Indie Oxford Interview: Lorencini Arancini
On the blog today, Lauren, owner of Lorencini Arancini, talks about her indie journey, learning from burnout, and why making food is way more fun than wig making! >>
Tell us about your background and why you decided to set up your own business.
In 2013 I came back from travelling around the world on my own, which was a huge learning curve (I had never been on a plane on my own!), things I took from that trip were a new found confidence in my whole being and a knowledge of all sorts of different ingredients and cuisines. In 2014 I decided to start a food van, she was covered in grass, flowers and butterflies, named Vivienne, and I took her to festivals all around the UK selling gourmet bean dishes inspired by cuisines around the world. A lot of fun was had but truth be told my inexperience, the pressure I put on myself to succeed, and the long festival hours broke me a bit and at the end of 2017 I sold Vivienne, vowing never to work with food again and I trained to be a wig maker instead. After labouring over a single wig for 2 years, I realised that making food was loads more fun; but more than that I loved meeting new people, feeding them and talking to them about food.
Tell us about your indie business and the vision for it.
I don’t remember the first time I had arancini, but what I do remember is that I went on a date with a guy who told me he had been making arancini from left over risotto, and I was so impressed and intrigued (with the food not the boy); I was inspired to give it a go. I found it wasn’t difficult to make it delicious and I realised how versatile it is, I knew there was lots of fun to be had with this. So the planning of food business Mk 2 began.
Lorencini is a very small business, something I learnt from my last food business is to grow at my own pace and start little; so it is mainly myself that does everything, with some weekly help from my Mum (who is great at making balls) and my close friend Annika (who is very heavily pregnant right now!) helps at pop ups. At the moment we are a street food pop up, but the business is ever evolving and has not found it’s forever home as yet. I started the business in the first lockdown and initially made deliveries to the local area North of Kidlington, as things opened up again I approached markets and other premises more centrally. The first pop up we did and something I am super proud to be a part of, was at Tap Social where we do regular pop ups; we then started to do the Summertown and Botley farmer’s markets, and then just before Christmas we popped up at The Star on Rectory Road. We will continue to pop up all over the city, but what I hope for Lorencini is a bricks and mortar premises that is similar to the Izakayas in the Golden Gai in Tokyo, which are really small bars that serve small plates of food and seat about 6 people, they are always packed.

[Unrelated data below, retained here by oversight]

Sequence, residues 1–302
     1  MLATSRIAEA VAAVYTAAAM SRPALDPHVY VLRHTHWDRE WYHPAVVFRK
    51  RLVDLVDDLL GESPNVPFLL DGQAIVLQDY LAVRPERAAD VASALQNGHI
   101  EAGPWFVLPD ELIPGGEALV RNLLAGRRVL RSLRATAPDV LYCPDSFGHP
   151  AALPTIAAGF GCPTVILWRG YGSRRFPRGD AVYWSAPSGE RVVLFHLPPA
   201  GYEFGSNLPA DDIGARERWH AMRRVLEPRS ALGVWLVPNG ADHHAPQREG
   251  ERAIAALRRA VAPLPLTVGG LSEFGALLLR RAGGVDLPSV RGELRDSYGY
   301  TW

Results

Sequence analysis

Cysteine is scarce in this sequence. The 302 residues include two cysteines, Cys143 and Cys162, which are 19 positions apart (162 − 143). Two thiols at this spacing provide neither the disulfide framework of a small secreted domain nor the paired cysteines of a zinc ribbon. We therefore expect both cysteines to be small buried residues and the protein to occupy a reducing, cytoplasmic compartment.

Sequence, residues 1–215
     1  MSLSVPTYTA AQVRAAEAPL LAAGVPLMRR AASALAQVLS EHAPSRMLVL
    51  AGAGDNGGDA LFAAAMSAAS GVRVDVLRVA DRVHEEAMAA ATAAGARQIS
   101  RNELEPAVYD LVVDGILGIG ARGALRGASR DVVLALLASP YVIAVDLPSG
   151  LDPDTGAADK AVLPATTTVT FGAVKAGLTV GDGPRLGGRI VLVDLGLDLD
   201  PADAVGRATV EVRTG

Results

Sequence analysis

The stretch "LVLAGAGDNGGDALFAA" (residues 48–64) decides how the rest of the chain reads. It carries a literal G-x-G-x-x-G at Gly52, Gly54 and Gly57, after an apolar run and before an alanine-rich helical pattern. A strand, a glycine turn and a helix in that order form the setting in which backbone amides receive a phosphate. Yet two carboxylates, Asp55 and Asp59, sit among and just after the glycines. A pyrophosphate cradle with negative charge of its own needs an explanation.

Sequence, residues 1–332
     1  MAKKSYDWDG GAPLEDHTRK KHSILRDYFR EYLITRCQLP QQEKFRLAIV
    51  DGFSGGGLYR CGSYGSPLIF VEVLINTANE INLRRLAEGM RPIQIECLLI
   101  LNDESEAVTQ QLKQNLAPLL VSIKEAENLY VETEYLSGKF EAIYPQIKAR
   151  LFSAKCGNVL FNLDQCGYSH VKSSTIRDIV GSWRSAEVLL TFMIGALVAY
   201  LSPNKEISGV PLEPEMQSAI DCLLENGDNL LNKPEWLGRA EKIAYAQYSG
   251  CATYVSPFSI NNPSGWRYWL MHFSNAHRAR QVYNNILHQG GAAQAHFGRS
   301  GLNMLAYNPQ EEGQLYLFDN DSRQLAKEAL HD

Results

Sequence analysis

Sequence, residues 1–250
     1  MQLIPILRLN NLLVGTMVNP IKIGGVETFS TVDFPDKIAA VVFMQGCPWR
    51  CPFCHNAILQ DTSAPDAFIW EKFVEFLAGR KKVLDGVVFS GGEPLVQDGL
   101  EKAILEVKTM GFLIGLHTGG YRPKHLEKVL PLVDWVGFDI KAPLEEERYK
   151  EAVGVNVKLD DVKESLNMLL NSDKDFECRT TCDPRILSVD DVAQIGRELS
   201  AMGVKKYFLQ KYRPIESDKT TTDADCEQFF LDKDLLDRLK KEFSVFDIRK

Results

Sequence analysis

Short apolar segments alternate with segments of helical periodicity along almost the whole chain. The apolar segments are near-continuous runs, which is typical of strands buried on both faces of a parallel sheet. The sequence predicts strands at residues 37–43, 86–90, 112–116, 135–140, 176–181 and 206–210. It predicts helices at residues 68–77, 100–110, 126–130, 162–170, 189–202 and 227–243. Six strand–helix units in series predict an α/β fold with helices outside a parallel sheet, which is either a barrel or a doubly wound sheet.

How do you come up with recipe ideas for new arancini?
Everything is made completely from scratch and we make and serve arancini with a mix of traditional and not so traditional flavours; I like to draw inspiration from my travels around the world, there is a lot of fusion of cuisines going on. I actually have a book of all sorts of different arancini flavour combinations that I add to all the time but generally I just go with things that I like and know taste good, there isn’t anything I don’t eat so the sky is the limit really! It is always fun trying out something new and although I have a core menu, I have several other flavours I keep on the back burner to switch in and out when the occasion fits. Where possible we source all of our ingredients locally and I am lucky enough that one of my best friend’s runs Dews Meadow farm and another of my good pals grows exciting mushrooms from his business the Mycoshed based in Horton cum Studley.
What does a typical day look like for you at the moment?
A typical day for me involves meditating first thing followed by a hard work out to keep me sane, I will then start making risottos (sometimes 3 at a time) and fillings for the arancini as well as the sauces to go with them and then the whole of the following day is spent with my Mum turning the fruits of that day into balls.
What’s the best thing about running an indie business?
The best thing about running an independent business is that you can let your creativity run loose without having to answer to anyone. Oxfordshire is a great place to do that because it has a strong independent business collective and there are loads of people nurturing their dreams and ideas, and I think the people of Oxford recognise and respect this and are always interested in what you are doing and what the process was for you to get to that point. I feel there is always a bit of apprehension when showcasing the products of your imagination, which is essentially a part of you, will it be received well or not?! But to meet and chat to people who have a positive interest in what is your labour of love make it all worth while, and there is a lot of that in Oxford. I like to be able to create things and I am lucky that I have the opportunity to try and turn these creations into a business, I cannot imagine working for someone else now, it doesn’t really seem natural to me anymore.
Which are your favourite indies in Oxfordshire?
My favourite indies in Oxford are Pickle and Lime in Botley where we source our veg from, their selection is awe inspiring and Joe is amazing to go and procure all these gems at stupid o’clock in the morning in London and still be working in the shop in the day and not be miserable. I am also a huge fan of Arbequina on the Cowley Road, their menu is amazing and their food never fails to impress me, and I aspire for my business to be that consistent in quality.